Legends of the Star is an exclusive weekly feature found only on StarStruck. Each week we will profile one of the many interesting personalities that have played for the Dallas Cowboys. 

Legends of the Star – Larry Allen

Larry Allen first gained national attention when he led little known, Sonoma State to the Senior Bowl in 1992. The two time All-American starred while playing guard, and in two seasons he only allowed one sack. He set ten different team records that still stand today.
 
In 1994, Larry Allen was drafted by the Dallas Cowboys in the 2nd round of the NFL Draft, making him the first NFL player ever to be selected from Sonoma State. He made an immediate impact on the team and was soon considered to be the NFL’s premier offensive lineman. He is widely recognized as the one of the best offensive lineman in NFL history and is certainly the best offensive lineman the Dallas Cowboys have ever had. He was the biggest part of an offensive unit that has posted the four lowest sacks allowed totals in club history with 18 in 1995, 19 in 1996 and 1998, and 20 in 1994.
 
Allen is widely credited for the success of Emmitt Smith with his unparalleled play as his lead blocker, and played a role in eight of his eleven 1,000 yard rushing seasons. Allen, was also able to bench press 700 pounds, and is considered to be the strongest man to ever play professional football.
 
In his 12 year career, Larry Allen was selected to 11 Pro Bowls and is just the third player in NFL history to be selected to the Pro Bowl at more than one offensive line position during his career. Only Bob Lilly had more Pro Bowl selections than Larry Allen. He is the most decorated offensive lineman in Dallas Cowboys history.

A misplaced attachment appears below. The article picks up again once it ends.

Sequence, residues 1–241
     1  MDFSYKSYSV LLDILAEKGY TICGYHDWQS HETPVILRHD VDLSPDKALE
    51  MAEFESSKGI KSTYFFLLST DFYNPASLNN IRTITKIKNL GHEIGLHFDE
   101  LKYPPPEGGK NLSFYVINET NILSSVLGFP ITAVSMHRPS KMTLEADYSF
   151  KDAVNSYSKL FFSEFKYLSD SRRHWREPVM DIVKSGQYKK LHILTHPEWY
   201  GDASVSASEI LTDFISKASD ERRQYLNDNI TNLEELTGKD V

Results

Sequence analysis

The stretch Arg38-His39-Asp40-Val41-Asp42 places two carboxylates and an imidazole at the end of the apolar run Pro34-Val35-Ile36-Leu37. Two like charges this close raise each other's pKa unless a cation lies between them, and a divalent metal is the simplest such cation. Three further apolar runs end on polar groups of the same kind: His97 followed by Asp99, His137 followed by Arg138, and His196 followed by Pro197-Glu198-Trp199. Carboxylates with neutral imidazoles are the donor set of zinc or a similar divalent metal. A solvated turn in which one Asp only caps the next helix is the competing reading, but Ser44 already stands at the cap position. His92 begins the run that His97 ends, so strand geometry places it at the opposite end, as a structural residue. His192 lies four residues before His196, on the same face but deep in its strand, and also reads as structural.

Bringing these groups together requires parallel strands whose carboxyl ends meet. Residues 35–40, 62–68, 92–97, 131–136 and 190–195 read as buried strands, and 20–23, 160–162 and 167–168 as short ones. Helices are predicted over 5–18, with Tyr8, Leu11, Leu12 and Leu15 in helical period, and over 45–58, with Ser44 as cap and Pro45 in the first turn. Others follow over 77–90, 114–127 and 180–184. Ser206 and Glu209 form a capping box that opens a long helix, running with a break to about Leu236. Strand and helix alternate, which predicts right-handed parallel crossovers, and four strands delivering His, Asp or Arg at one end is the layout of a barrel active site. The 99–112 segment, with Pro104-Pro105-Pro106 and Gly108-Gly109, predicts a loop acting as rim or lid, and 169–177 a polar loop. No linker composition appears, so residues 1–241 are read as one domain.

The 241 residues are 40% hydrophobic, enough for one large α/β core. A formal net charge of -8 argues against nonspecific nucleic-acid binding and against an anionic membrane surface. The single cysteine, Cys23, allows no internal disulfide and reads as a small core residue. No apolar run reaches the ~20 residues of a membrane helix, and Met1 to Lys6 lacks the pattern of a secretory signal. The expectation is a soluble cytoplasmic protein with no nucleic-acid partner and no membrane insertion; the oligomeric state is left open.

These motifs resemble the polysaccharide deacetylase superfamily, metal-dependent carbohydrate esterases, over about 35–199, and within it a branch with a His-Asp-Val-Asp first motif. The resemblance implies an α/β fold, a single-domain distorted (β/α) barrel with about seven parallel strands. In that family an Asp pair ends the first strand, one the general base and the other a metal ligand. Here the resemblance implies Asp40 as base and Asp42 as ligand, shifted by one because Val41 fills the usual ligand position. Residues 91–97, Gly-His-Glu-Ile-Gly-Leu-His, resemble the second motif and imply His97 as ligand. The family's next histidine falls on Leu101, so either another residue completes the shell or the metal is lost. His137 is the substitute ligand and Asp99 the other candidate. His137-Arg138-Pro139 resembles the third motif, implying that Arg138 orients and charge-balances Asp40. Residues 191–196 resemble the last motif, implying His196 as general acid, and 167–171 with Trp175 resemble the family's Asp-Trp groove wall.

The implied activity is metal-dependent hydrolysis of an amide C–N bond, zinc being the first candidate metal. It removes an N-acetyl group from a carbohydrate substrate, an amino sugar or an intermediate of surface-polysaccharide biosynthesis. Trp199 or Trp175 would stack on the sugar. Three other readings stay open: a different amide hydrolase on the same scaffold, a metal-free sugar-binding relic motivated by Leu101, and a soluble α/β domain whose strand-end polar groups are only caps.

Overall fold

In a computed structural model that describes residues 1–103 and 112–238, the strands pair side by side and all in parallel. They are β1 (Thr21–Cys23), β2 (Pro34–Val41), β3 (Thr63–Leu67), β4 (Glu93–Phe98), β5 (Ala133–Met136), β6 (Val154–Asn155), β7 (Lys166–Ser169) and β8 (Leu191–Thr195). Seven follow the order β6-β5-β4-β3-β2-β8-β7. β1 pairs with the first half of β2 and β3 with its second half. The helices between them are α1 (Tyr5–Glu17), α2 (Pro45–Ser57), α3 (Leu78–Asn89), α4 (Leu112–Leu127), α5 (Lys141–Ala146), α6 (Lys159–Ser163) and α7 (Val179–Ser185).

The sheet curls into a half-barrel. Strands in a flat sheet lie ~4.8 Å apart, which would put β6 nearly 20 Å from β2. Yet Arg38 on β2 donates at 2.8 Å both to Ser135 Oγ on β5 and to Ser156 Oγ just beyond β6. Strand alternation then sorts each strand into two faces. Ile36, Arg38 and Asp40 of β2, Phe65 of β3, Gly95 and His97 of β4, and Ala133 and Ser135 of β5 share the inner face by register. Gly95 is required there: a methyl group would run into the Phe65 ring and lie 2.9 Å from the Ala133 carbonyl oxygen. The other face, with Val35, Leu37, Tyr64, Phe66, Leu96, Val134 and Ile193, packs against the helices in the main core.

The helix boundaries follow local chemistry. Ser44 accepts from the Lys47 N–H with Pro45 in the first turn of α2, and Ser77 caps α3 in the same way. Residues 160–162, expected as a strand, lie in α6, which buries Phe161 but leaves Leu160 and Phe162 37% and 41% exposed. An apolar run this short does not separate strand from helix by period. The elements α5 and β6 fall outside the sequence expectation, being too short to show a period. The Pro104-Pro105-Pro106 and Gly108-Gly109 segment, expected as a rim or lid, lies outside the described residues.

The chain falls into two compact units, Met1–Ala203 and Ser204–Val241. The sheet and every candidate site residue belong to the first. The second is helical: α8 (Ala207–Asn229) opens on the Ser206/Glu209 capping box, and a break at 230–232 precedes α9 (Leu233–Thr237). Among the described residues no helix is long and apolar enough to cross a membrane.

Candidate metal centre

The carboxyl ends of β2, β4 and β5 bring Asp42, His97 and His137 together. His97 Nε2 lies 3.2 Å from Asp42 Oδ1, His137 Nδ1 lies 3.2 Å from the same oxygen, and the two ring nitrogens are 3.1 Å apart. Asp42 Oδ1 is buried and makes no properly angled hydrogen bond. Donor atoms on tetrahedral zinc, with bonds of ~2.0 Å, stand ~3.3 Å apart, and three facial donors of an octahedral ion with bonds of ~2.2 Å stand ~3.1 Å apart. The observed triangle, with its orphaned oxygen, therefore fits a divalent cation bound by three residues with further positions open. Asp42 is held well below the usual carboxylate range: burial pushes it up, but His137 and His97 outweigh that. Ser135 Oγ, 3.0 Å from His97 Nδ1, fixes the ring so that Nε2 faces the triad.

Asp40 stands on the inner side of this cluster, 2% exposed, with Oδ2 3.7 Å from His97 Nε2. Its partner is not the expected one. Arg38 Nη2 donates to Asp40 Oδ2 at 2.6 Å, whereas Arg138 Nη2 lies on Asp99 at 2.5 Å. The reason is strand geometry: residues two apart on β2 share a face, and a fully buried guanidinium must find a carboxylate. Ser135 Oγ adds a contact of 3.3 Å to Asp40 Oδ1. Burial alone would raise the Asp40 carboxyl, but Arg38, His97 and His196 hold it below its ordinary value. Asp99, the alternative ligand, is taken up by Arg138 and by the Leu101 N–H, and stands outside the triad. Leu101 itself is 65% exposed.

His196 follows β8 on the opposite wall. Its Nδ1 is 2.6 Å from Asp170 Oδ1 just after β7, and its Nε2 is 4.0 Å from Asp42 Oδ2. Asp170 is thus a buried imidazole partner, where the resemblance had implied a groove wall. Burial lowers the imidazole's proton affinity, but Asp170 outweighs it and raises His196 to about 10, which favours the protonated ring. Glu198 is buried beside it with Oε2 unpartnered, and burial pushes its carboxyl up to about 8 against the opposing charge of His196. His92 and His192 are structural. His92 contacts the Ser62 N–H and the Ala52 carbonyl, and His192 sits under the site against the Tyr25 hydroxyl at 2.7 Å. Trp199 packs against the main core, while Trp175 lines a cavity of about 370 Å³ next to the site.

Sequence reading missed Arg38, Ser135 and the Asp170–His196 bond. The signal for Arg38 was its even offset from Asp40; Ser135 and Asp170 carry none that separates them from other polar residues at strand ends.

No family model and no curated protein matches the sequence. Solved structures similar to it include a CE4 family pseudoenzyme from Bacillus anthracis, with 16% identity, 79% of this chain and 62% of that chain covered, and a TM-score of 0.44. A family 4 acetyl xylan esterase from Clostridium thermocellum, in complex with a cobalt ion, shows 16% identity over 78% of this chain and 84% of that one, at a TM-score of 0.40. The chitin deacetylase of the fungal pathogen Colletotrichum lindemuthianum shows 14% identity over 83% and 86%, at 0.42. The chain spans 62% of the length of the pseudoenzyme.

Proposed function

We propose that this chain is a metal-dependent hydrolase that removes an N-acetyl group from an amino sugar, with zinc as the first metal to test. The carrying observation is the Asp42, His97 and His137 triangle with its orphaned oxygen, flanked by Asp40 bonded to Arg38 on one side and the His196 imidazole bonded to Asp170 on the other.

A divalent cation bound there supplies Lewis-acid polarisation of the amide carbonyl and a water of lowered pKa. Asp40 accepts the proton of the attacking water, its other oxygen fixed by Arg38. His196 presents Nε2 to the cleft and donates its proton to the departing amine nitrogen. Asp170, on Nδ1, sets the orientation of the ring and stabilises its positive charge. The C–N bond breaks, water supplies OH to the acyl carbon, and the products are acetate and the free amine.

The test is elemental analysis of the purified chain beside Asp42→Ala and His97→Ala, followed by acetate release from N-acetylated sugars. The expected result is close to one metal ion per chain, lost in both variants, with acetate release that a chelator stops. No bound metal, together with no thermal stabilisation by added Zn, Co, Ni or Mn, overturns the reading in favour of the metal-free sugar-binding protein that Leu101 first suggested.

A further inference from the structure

Legends of the Star is an exclusive weekly feature found only on StarStruck. Each week we will profile one of the many interesting personalities that have played for the Dallas Cowboys. 

Legends of the Star – Daryl Johnston

 

Daryl Johnston gained national attention while playing for Syracuse University. He rushed for 1,830 yards and caught 46 passes during his collegiate career and once gained 138 yards rushing, the most by a Syracuse running back since Larry Csonka rushed for 154 yards in 1967. He was an All-American and All-East pick in 1988.

Johnston was drafted by the Cowboys in the second round of the 1989 NFL Draft.

On the day he arrived for his first mini camp, he was nicknamed "Moose" by former teammate Babe Laufenberg. Babe remarked, who’s that big ol’ moose over there during his first team meeting and the name stuck.

Johnston started out as a reserve, but became a full-time starter in 1991 and was a key member of the Cowboys’ three Super Bowl winning teams in 1993, 1994 and 1996. He played 12 seasons for the Cowboys before retiring in 2000. He was a fierce ball carrier but was best known for being the lead blocker for all-time leading rusher Emmitt Smith.

He was also a true iron man, having never missed a game in his NFL career, playing in 143 straight games. Every time Johnston touched the ball, "Moose" chants can be heard resonating at Texas Stadium.

He finished his career catching 294 passes for 2,227 yards and 14 touchdowns, as well as 232 rushes for 753 yards and eight touchdowns. He had a career-high, 50 receptions in 1993.
 

Legends of the Star is an exclusive weekly feature found only on StarStruck. Each week we will profile one of the many interesting personalities that have played for the Dallas Cowboys.